Most snake species are not venomous

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Last Sunday evening, just prior to dark, I was at my home computer when my 12-year-old son Joey came in the house and asked me if there were diamondback rattlesnakes in our area. I told him it was possible, but unlikely, as they are normally found south of Augusta. But as I always say, the snakes don't read our books and sometimes don't know where they are supposed to be. Anyhow, Joey said, "I think one is in our street."

I follow him outside, and about 10 yards from our driveway on the other side of the street is the snake. There was no mistaking that it was venomous, but it was a copperhead. It was about 16-18 inches long. Adult copperheads normally average about 2 to 3 feet long. Their body is tan to brown with darker hourglass-shaped crossbands down the length of the body. Of course, he had the triangular head and elliptical eyes.

I don't kill nonvenomous snakes. But I had to kill this one so I went to my garage, got my hoe and cut the snake's head off.

After I went back inside, I Googled "Snakes of the Southeast" and went to the Savannah River Ecology Web site to see the picture and description of copperheads. According to the Web site, "Copperheads can be found during the day or night, but forage primarily after dark during the hotter parts of the season. In the Piedmont and Coastal Plain, they are frequently observed crossing roads on warm nights.

"Because they are common in forested habitats and are well-camouflaged, copperheads are responsible for the majority of the snakebites in the Southeast each year. Luckily, copperhead venom is not very potent and deaths from copperhead bites are exceedingly rare. Most snake bites occur when someone tries to kill or harass a snake, so the best way to avoid a bite is to leave any snake you find alone."

At the first sign of danger, or human contact, snakes will usually flee. Most snakes strike in defense as a last resort. Keep in mind that of the just under 40 species of snakes that can be found in our area, only four are venomous. So the odds are, when you encounter a snake, it will not be venomous.

Nonvenomous snakes are generally harmless. Unfortunately, there is no single rule to use to tell the difference between a venomous snake and a nonvenomous one. Head or pupil shape has not been confirmed as a sure distinction. Pit vipers have large, triangular heads, but so do nonvenomous water snakes. Pit vipers have elliptical pupils, whereas all harmless snakes have round pupils, but so do venomous coral snakes (which are rare in our area)..

Snakes eat insects, fish, amphibians, birds, rodents, lizards, and other reptiles, and many snakes eat nuisance animals. One rat snake can eat three rats every two weeks.

The following are details on a few of the nonvenomous snakes most commonly found in the Augusta area.

King snakes are found in a wide variety of habitats. Adults can reach four feet in length. Eastern king snakes are black with light yellow or whitish crossbands. They feed on other snakes, including venomous species, as they are immune to the venom of these snakes.

Water snakes are found in and around streams, rivers and swamp environments, but some species have been spotted several hundred feet from water. Water snakes often grow to a length of 4 feet and are light brown on top with darker squares on the back and sides. The brown water snake is the most common and is often mistaken for the venomous water moccasin. This snake frequently basks on tree limbs that overhang water. Brown water snakes feed almost exclusively on fish.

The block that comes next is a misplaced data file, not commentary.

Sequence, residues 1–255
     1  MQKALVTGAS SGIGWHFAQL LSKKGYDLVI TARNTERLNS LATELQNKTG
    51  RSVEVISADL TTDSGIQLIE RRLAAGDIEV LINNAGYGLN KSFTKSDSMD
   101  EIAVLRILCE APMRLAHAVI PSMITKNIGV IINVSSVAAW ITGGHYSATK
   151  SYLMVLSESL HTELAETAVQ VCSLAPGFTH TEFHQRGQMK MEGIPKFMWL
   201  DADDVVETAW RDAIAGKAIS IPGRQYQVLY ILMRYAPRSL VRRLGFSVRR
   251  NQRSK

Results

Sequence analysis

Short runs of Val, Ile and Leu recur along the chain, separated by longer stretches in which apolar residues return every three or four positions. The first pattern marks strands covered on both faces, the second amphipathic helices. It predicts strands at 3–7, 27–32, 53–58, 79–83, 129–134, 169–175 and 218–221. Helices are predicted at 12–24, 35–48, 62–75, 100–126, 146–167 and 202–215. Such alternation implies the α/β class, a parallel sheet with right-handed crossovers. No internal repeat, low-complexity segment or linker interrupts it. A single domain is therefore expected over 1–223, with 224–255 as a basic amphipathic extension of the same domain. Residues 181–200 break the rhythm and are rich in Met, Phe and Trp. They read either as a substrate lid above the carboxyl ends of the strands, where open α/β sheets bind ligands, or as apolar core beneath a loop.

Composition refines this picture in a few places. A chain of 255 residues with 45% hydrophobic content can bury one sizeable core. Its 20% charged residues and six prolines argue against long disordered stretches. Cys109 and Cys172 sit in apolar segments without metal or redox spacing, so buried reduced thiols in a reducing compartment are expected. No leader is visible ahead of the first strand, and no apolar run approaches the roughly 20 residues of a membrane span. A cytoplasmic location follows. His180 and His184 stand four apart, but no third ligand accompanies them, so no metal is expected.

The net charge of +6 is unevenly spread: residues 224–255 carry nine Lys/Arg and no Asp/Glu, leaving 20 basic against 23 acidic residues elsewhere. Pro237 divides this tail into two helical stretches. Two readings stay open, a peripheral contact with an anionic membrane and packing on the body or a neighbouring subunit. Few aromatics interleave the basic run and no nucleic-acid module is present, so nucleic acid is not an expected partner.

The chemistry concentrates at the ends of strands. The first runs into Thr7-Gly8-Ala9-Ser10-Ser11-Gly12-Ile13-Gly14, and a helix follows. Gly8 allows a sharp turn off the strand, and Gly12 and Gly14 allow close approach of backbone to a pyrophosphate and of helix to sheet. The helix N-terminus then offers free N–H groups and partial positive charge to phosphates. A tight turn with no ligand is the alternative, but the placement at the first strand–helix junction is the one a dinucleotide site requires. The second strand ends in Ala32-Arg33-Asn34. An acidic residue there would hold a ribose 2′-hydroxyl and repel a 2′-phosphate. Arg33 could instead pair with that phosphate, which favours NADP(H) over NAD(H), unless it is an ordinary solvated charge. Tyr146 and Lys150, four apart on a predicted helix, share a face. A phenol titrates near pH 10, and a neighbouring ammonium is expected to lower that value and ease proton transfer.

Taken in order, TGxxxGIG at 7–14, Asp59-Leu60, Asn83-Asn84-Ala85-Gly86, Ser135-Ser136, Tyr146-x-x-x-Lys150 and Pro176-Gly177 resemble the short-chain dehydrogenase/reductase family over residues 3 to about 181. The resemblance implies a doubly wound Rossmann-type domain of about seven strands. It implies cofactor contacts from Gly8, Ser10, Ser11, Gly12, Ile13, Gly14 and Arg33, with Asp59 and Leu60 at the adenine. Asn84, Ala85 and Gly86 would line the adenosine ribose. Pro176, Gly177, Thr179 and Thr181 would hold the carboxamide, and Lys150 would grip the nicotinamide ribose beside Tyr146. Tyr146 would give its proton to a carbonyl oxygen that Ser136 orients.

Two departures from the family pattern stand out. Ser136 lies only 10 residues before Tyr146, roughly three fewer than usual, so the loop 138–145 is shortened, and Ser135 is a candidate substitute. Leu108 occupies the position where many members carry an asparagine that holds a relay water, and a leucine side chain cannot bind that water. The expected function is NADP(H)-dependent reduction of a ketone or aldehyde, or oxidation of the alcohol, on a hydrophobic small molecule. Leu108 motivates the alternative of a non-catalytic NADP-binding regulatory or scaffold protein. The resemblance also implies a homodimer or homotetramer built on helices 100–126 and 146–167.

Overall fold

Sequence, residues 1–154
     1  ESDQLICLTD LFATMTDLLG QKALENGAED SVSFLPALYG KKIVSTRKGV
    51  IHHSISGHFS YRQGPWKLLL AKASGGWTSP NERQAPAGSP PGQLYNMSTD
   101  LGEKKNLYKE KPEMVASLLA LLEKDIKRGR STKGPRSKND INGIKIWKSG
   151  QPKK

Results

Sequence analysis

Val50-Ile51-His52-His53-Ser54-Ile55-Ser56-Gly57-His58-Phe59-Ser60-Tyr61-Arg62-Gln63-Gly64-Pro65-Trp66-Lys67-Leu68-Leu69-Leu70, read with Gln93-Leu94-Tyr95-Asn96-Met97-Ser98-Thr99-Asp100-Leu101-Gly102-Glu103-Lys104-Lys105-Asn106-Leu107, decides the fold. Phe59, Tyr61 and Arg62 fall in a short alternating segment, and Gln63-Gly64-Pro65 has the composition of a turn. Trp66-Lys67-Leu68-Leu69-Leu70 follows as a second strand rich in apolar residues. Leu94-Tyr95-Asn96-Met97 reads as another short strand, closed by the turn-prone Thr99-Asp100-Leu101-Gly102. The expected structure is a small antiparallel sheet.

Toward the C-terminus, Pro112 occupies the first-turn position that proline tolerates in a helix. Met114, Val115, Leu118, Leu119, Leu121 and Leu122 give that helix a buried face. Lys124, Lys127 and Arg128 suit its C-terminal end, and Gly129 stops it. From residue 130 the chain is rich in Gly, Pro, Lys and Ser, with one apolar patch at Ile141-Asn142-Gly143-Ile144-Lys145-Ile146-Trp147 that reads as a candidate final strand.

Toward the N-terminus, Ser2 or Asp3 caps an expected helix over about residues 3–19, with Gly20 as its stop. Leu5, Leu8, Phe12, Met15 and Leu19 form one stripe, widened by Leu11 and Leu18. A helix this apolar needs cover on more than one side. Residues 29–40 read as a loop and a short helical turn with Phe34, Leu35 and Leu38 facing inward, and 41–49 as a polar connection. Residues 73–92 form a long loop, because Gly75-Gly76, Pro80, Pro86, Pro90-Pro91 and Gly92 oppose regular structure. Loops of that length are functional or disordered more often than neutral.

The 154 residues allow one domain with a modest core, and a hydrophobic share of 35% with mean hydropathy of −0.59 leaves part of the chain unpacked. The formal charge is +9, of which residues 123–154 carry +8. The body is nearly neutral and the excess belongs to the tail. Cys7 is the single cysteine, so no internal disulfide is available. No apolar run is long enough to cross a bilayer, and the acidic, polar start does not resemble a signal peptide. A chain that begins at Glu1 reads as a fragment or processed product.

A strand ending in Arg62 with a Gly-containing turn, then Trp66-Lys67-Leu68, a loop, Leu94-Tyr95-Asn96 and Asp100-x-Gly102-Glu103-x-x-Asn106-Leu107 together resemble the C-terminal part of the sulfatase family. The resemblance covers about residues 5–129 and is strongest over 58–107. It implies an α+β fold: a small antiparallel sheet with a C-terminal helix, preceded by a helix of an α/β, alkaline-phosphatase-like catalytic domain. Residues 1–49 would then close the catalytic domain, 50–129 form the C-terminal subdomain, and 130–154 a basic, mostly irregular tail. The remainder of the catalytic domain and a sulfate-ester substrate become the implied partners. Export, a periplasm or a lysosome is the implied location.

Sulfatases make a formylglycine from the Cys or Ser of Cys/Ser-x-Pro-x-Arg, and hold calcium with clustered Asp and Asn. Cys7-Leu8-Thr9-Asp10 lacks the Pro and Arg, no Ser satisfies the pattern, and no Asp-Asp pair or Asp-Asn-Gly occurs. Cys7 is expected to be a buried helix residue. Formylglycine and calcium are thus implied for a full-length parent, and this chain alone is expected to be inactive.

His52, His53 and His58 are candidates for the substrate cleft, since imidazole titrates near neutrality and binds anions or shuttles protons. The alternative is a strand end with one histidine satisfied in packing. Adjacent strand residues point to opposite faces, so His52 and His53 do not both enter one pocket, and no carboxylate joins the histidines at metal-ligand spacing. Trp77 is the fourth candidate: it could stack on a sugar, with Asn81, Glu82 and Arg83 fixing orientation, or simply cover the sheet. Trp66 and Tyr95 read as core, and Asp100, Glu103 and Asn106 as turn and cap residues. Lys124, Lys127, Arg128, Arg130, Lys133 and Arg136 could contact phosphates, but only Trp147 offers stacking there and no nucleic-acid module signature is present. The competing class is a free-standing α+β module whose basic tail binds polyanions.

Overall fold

Garter snakes are found in habitats that are damp, although not necessarily near permanent water. They are usually less than two feet long. They have three yellow longitudinal stripes on a dark body. They also have black lines on their lip scales. Although this pattern is common, some garter snakes have a checkered body pattern with poorly defined stripes and a grayish body color. Their bellies are white or light yellow. Garter snakes feed on fish, small reptiles and amphibians. This is the snake I see most often in my landscape.

Rat snakes are most often found in wooded or swampy areas. Adults grow to more than 4 feet in length. Our inland species range from black to light gray and brown. They feed on birds, rats, mice and squirrels. They are known as chicken snakes n farming areas because they readily eat caged chickens. This is the snake that crawled through my garage window two years ago.

Brown snakes are found in woodlands and swampy areas. It's also one of the most common species in residential areas, where they are often spotted in and around debris. I usually see one or two of these every year in my landscape. They feed on earthworms, slugs and lizards. When threatened, they curl their upper lip upward, making their mouths look larger.

Black racers are found in a variety of habitats. Racers are frequently seen crossing the highways during the day. Adults are usually slender, 3 to 5 feet long and black all over, except for a white chin. They feed on frogs, rodents, lizards and insects. I saw a large black racer next to my mother's house in Blue Ridge when I was there over Memorial Day weekend.

In most cases, there is nothing you can do to keep snakes away. If you live next to woods, you are going to have them. The best thing you can do is educate yourself on the species.

Reach Sid Mullis, the director of the University of Georgia Extension Service office for Richmond County, at (706) 821-2349 or smullis@uga.edu.


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